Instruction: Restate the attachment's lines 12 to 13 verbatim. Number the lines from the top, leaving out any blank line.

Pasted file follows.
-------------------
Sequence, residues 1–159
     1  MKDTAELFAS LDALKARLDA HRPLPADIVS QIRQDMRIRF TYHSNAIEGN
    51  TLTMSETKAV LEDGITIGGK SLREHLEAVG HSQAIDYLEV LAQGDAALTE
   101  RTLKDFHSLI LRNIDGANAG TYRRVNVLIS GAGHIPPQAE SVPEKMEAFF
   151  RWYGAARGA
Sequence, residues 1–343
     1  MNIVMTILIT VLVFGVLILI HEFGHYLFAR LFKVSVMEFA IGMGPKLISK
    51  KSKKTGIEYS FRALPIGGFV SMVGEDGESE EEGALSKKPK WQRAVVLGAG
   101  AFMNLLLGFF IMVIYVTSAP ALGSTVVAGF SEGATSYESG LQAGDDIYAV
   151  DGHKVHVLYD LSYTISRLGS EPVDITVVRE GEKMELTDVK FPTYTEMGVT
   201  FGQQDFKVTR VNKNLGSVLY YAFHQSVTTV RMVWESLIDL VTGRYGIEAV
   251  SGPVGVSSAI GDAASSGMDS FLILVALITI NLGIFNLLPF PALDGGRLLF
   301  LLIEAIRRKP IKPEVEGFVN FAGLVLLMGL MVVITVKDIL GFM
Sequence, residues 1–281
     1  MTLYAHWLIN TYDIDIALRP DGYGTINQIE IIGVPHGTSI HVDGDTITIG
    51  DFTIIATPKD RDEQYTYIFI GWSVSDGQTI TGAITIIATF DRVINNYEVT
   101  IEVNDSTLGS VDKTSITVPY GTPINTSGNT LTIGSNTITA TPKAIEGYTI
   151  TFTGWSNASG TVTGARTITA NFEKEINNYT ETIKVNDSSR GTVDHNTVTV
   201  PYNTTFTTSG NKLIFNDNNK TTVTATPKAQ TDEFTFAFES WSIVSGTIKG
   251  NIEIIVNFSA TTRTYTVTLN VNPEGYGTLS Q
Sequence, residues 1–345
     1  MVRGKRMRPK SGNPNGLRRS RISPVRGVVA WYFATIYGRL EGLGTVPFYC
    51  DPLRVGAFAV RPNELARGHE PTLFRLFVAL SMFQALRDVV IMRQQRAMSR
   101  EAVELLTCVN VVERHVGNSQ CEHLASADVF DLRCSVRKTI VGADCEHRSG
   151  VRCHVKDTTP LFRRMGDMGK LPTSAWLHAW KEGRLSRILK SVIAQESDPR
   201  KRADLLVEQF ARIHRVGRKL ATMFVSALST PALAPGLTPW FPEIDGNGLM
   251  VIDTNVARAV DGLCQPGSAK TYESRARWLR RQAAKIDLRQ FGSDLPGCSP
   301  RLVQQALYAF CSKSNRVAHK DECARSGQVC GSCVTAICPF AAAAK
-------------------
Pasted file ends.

   251  SGPVGVSSAI GDAASSGMDS FLILVALITI NLGIFNLLPF PALDGGRLLF
   301  LLIEAIRRKP IKPEVEGFVN FAGLVLLMGL MVVITVKDIL GFM